Building From Wood Could Help Fight Climate Change


Foresters and environmental scientists recently calculated how increased use of wooden construction materials could reduce carbon dioxide pollution and fossil fuel demand. By using more wood, the need for concrete and steel would decrease, thereby reducing pollution produced during their production.

Global carbon dioxide pollution could be reduced by between 14 to 31 percent by using wood in place of steel and concrete, estimated the team of scientists from Yale University and the University of Washington.

Twelve to 19 percent of fossil fuel use could be eliminated as well, especially if scrap lumber were burned for heating, cooking or electricity production in biomass power plants.

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However to meet an increased demand for wooden construction materials, the sustainable harvest of forests would have to increase to at least 34 percent of total annual wood growth.

Increasing wooden construction wouldn’t mean turning ancient redwoods into skyscrapers. Managed forests could meet the needs for more wood without resulting in increased deforestation and loss of biodiversity, suggested the researchers.

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“It is highly likely that the world could harvest much more wood and still harvest sustainably – that is, harvest no more than is growing,” wrote the study authors in the Journal of Sustainable Forestry, which published their results.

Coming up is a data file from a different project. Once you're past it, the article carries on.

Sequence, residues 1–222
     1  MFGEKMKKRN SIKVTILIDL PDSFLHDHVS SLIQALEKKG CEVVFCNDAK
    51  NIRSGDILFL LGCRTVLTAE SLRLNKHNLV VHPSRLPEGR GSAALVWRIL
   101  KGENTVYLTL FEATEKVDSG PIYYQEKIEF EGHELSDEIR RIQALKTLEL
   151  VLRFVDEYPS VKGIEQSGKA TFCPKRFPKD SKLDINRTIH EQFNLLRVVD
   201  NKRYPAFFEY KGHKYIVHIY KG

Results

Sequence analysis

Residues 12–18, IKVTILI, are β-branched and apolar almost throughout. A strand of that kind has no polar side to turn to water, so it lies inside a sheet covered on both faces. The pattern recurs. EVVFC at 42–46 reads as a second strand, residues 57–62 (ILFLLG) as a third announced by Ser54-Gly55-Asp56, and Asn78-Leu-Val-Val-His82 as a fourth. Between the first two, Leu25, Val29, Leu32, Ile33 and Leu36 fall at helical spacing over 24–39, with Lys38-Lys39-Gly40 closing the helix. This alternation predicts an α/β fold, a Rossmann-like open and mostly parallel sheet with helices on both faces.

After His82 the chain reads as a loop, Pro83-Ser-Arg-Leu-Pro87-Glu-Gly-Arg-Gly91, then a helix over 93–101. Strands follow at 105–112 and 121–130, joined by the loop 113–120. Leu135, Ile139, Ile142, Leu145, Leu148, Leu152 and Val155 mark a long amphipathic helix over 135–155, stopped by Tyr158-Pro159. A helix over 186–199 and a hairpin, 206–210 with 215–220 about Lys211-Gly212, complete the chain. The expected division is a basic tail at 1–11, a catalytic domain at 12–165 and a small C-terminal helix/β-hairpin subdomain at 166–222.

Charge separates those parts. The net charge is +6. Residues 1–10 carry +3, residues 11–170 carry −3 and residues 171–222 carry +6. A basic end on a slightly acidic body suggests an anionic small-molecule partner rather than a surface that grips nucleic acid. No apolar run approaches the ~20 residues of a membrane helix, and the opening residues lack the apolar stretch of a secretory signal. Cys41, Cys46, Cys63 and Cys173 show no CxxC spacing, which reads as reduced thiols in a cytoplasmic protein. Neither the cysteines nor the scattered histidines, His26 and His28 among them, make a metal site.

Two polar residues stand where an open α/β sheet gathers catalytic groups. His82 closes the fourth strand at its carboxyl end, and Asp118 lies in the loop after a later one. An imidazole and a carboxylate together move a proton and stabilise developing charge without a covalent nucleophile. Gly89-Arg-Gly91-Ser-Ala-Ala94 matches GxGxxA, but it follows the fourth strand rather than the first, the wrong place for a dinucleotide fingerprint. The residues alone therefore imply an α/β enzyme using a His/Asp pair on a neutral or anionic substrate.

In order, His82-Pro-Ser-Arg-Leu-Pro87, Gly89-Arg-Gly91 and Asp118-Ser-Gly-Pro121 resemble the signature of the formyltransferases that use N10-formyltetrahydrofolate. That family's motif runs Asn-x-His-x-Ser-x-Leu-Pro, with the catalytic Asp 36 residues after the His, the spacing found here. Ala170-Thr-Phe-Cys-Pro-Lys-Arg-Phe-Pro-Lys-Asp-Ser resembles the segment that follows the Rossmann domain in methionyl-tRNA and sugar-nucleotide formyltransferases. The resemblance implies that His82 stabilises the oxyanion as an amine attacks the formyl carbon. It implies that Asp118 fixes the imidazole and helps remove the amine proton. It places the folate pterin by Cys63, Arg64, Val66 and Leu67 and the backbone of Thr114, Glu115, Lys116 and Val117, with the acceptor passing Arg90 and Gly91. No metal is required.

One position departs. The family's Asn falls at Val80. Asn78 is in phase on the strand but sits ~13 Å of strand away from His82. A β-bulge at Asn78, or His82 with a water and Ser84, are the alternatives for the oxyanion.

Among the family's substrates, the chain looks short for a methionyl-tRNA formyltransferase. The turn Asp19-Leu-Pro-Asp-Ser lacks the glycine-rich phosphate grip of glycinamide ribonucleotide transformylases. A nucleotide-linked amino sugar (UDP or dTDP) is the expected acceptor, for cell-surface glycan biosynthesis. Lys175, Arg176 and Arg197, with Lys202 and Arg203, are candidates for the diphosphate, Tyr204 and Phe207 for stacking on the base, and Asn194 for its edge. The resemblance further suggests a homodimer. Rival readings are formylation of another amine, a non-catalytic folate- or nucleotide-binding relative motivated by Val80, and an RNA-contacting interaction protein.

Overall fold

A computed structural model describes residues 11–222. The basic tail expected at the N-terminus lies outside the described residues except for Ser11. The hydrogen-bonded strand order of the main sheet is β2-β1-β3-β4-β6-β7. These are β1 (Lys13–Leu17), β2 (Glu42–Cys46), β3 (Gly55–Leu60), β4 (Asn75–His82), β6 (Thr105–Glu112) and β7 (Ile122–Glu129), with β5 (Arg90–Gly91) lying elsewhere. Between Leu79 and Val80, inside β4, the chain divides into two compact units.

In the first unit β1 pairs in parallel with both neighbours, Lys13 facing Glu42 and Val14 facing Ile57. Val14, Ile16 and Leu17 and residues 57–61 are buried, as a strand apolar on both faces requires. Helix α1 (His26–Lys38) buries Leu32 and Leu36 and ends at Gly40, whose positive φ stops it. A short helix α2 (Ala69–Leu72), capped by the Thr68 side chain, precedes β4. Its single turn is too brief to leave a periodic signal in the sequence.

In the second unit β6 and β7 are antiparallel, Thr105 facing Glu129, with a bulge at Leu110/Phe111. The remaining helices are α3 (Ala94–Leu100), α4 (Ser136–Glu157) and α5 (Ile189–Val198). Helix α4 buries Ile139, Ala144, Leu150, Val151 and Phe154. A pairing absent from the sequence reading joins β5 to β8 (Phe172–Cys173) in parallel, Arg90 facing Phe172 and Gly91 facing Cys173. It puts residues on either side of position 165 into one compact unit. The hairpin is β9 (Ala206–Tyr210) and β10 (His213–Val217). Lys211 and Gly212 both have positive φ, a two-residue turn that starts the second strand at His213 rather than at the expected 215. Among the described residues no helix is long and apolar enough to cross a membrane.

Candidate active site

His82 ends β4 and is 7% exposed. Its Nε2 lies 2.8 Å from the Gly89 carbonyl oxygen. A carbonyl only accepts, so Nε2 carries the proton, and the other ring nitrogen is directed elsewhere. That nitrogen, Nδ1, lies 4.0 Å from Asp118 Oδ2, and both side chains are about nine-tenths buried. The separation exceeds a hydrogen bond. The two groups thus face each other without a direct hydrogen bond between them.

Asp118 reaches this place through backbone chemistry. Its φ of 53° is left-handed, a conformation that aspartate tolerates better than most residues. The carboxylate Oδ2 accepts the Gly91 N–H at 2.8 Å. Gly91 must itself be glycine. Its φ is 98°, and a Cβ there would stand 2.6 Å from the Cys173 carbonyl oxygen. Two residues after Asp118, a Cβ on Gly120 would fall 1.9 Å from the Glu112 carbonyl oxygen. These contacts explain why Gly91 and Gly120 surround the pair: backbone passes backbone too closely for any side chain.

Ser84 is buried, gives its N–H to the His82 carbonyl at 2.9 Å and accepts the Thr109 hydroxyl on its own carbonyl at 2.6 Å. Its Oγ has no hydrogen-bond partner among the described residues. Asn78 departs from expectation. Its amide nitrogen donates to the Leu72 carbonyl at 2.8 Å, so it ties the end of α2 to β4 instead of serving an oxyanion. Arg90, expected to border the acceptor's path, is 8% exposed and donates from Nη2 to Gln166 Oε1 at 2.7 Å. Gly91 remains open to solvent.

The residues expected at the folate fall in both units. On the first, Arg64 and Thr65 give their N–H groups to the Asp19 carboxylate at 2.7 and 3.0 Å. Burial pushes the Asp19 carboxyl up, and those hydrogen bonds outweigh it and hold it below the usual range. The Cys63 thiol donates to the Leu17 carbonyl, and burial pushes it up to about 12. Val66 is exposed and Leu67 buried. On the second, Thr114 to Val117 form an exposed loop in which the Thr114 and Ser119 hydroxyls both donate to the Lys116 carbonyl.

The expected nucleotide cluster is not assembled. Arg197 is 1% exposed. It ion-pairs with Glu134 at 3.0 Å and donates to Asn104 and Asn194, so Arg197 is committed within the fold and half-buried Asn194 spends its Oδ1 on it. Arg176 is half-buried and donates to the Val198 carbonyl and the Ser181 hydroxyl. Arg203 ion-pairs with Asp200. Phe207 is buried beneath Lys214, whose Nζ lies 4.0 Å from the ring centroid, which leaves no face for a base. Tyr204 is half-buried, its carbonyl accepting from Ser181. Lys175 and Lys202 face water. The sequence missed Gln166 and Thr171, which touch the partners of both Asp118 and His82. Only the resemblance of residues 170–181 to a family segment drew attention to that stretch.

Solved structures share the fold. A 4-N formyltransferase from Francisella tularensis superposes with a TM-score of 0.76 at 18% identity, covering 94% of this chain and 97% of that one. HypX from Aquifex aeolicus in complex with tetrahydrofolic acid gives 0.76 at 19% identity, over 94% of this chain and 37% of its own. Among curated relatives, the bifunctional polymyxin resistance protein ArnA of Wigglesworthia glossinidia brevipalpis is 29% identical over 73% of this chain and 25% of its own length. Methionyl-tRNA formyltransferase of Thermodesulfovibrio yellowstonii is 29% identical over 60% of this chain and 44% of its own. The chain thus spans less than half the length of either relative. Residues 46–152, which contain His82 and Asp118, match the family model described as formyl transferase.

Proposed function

“Forest harvest creates a temporary opening that is needed by forest species such as butterflies and some birds and deer before it regrows to large trees,” said lead author Chadwick Oliver, professor of forestry and environmental studies at Yale in a press release. “But conversion to agriculture is a permanent loss of all forest biodiversity.”

Some large, wooden construction projects have already been completed, including the nine-story Stadthaus in  Murray Grove, London, England, a high-load wood bridge in Quebec, Canada and an aircraft hangar in Montreal, Canada, noted the authors.

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The wood used in these building not only reduced the need for more polluting materials, the lumber itself locked away carbon. Trees inhale carbon dioxide and use some of that carbon to produce lignin and cellulose, two durable chemicals which give wood much of its strength.

In nature, the cellulose and lignin break down and release their carbon or are eaten by termites that fart methane, a greenhouse gas more potent than carbon dioxide. When used in construction, the wood can trap the carbon for decades, even centuries.

Photo: The Stadthaus – Murray Grove Tower, a nine-story building made largely of wooden construction materials. Credit: Will Pryce/Arcaid/Corbis

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